But it is a challenging subject.  The words can have high impact, but they also can offend people.  Depending on how they’re used, they can also distract from the story.  I think the fact that they can carry such an emotional connection and emotional baggage makes them a challenge to use, more so than other story elements.  That emotional part can override what’s right for the story.  A person who swore for the first time and is afraid someone will catch them is going to having a very different reaction than a person who grew up hearing it regularly from a family member.  I still remember seeing a little boy of about 3 or 4 who came out into his driveway and started swearing worse than most adults (a few years later, I drove by that house and there was a coroner’s station wagon outside it).

So it’s important to recognize that it can have that emotional baggage.  It seems like when the subject pops up, most writers will start argue about their first amendment right to use profanity, or accuracy of a certain type of character.  I even had someone tell me it wasn’t realistic to have a military character who doesn’t use profanity.  Excuse me!  I never used profanity, and I was in a unit where there was an unwritten rule about using it.  There were also some male soldiers who simply wouldn’t do it, and others who would do it as a matter of course.  So “all soldiers swear” cannot be an automatic assumption.  It’s an individual thing.  For all I know, it may even vary, depending on the service.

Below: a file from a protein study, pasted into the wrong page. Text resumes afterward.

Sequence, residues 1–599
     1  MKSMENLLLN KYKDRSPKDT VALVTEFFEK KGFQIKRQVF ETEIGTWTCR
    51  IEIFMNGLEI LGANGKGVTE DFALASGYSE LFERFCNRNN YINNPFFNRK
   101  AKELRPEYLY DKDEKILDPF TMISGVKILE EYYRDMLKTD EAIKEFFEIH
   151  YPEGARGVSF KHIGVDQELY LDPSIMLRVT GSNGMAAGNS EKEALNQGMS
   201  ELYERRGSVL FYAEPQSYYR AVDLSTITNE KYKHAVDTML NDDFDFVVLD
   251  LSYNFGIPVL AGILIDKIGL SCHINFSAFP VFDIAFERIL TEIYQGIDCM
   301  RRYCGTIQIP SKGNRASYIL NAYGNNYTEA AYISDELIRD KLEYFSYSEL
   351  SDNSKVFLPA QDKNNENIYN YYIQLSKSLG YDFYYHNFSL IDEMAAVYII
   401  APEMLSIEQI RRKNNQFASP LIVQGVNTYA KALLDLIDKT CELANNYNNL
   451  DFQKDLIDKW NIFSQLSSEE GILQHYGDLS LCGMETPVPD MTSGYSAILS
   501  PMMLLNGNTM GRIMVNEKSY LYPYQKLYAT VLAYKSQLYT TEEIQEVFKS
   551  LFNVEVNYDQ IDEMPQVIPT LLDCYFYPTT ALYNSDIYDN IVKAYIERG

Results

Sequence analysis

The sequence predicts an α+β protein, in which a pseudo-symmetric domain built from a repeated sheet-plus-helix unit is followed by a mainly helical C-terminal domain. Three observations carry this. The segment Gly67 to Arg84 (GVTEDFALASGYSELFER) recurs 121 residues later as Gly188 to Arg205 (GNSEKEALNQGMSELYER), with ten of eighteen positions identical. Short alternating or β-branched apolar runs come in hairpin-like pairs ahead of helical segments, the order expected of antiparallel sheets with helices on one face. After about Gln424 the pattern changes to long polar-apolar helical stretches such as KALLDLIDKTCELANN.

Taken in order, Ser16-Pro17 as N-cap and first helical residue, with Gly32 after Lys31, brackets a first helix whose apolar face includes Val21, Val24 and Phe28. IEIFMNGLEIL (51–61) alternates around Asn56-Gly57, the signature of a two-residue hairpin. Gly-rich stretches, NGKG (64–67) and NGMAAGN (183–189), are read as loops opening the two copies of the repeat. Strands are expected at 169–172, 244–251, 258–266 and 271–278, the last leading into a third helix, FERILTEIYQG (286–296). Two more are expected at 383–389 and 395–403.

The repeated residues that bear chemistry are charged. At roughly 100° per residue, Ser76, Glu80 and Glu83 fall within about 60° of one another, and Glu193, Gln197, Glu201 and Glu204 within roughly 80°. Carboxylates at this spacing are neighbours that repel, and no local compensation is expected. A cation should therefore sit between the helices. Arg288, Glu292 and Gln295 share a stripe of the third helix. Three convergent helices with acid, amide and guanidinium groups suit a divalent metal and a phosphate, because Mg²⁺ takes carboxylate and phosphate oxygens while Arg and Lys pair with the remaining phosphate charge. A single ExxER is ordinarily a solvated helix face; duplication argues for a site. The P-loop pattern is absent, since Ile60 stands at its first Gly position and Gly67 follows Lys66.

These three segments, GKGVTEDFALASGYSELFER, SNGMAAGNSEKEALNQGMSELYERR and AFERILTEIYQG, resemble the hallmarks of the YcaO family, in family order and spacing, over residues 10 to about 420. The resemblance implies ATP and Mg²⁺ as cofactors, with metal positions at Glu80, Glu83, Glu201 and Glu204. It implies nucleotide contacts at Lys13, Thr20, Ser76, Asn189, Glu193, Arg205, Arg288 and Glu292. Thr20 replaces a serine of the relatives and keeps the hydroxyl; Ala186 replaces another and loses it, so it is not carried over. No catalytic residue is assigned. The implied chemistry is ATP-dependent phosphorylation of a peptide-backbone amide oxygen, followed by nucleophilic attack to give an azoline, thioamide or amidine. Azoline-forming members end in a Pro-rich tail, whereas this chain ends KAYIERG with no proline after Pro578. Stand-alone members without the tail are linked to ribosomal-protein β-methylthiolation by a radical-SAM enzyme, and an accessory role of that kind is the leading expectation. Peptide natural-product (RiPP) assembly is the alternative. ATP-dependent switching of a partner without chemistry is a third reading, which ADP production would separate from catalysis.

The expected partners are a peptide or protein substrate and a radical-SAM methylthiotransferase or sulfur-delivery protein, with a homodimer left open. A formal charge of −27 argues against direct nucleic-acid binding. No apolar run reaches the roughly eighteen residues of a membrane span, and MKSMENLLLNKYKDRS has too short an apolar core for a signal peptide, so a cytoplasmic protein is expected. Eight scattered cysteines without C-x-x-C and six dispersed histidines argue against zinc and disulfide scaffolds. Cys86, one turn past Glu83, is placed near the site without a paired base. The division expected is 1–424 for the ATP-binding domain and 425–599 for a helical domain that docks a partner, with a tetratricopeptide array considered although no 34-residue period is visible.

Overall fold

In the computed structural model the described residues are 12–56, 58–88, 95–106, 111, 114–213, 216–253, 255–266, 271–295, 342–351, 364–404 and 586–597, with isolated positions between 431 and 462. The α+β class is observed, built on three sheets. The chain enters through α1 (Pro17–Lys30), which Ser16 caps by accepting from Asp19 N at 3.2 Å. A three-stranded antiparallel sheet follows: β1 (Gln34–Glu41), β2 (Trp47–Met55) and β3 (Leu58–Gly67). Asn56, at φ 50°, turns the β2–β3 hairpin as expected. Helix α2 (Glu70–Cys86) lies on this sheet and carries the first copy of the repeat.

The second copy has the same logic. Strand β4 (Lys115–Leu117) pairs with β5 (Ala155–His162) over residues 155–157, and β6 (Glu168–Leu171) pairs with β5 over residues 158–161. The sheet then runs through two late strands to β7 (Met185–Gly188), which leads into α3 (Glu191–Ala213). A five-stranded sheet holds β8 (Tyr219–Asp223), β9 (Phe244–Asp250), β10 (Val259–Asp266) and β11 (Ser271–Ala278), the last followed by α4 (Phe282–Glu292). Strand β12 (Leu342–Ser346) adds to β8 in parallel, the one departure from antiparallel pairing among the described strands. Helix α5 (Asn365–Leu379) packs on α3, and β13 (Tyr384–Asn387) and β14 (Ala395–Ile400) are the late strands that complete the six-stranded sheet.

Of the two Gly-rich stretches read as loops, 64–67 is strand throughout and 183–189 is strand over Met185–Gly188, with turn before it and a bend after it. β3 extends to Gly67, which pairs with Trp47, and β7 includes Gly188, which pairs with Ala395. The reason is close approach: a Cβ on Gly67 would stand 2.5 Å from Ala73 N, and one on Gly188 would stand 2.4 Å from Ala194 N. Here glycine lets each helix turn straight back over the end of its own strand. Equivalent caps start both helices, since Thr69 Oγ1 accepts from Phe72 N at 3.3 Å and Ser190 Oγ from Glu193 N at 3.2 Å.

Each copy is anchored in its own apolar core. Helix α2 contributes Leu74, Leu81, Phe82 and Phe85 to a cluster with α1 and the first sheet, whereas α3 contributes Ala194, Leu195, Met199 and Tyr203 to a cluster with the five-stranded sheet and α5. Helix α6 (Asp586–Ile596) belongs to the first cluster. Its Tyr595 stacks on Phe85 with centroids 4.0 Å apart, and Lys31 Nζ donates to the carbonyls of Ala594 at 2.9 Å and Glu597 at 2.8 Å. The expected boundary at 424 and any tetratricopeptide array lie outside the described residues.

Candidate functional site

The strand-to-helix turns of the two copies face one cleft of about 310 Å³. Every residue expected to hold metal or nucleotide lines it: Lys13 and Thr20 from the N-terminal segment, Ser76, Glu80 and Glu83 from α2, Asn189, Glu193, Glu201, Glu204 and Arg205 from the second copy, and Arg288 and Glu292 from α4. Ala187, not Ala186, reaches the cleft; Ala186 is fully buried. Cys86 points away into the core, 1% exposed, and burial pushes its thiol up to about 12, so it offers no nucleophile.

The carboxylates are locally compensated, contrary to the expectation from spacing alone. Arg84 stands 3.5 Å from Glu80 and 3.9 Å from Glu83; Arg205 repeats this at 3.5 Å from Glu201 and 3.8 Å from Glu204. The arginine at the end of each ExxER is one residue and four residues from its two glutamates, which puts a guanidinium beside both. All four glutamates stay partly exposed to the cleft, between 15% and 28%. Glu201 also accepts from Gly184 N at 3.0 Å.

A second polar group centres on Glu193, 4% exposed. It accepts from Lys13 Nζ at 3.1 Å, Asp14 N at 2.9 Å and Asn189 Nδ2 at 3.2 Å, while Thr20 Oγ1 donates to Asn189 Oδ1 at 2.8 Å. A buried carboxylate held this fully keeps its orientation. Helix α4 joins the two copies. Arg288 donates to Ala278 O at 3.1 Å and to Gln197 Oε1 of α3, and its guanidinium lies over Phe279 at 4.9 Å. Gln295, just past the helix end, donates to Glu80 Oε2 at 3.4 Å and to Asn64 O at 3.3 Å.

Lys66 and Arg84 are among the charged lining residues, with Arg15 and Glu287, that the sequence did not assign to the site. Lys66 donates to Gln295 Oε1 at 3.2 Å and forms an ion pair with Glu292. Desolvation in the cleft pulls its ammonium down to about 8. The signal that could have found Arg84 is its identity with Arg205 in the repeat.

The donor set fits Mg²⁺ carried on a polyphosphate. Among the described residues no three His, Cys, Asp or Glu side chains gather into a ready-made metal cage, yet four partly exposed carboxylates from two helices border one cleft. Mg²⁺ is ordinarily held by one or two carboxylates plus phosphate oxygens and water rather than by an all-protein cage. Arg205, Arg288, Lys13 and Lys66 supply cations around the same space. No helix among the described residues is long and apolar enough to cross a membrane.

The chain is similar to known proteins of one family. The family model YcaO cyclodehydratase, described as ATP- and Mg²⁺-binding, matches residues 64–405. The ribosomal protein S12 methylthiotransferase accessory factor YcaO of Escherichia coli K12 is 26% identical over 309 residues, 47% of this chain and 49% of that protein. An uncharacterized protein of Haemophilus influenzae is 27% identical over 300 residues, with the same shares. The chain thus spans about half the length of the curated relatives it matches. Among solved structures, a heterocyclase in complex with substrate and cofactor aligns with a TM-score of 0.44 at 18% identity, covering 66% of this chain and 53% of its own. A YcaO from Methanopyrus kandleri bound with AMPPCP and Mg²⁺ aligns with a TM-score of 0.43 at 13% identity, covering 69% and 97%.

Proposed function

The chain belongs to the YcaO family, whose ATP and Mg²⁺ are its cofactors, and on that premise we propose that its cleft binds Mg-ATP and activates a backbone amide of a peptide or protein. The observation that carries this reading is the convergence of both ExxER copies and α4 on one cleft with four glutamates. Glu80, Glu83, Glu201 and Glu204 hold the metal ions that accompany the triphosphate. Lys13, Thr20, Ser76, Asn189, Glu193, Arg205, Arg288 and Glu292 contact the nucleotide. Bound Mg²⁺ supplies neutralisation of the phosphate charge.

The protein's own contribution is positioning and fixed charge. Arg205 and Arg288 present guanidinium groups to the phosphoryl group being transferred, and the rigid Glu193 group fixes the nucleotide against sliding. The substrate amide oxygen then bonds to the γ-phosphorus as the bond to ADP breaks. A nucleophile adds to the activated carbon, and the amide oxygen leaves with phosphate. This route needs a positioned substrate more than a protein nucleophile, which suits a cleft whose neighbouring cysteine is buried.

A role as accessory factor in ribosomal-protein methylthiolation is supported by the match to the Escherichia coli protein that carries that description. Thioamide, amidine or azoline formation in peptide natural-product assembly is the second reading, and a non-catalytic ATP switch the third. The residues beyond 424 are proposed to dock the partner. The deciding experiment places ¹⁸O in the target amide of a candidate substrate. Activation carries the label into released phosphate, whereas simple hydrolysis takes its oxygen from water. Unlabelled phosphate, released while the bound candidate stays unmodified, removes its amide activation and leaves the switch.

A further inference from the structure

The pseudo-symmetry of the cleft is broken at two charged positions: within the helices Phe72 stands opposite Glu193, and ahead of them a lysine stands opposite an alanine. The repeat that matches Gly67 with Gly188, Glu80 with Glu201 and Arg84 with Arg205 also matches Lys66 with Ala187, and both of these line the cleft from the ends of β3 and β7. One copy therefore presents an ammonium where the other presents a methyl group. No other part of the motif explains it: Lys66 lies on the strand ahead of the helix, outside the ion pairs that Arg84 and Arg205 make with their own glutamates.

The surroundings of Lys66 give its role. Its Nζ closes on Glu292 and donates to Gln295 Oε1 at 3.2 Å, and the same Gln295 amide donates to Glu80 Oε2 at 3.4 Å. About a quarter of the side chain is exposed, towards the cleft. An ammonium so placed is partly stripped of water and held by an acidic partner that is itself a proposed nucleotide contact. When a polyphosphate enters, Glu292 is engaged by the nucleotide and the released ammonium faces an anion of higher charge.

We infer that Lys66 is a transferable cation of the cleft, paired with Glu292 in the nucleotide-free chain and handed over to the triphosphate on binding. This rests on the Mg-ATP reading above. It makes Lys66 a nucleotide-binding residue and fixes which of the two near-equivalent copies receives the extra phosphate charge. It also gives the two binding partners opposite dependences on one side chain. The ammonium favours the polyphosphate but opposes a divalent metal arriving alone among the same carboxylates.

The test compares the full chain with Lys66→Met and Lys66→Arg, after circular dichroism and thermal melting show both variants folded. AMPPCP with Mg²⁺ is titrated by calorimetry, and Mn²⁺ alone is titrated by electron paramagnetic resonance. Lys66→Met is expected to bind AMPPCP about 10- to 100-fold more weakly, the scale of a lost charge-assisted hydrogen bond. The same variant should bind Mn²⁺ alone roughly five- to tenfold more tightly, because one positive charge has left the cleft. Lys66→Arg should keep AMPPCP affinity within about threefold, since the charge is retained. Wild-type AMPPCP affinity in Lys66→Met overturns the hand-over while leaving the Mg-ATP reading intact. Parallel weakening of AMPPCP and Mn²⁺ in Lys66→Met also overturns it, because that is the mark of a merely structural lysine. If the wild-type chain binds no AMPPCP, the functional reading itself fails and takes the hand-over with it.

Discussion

Curiously, in the discussion, few writers focus on the story or the actual characterization.  Maybe that emotional baggage?